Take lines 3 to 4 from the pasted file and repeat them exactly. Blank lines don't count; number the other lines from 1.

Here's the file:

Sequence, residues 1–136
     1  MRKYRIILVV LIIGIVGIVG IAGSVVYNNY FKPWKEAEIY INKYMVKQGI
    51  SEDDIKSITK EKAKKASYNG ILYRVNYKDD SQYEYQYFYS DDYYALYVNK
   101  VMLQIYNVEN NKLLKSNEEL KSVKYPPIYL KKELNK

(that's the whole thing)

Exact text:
    51  SEDDIKSITK EKAKKASYNG ILYRVNYKDD SQYEYQYFYS DDYYALYVNK
   101  VMLQIYNVEN NKLLKSNEEL KSVKYPPIYL KKELNK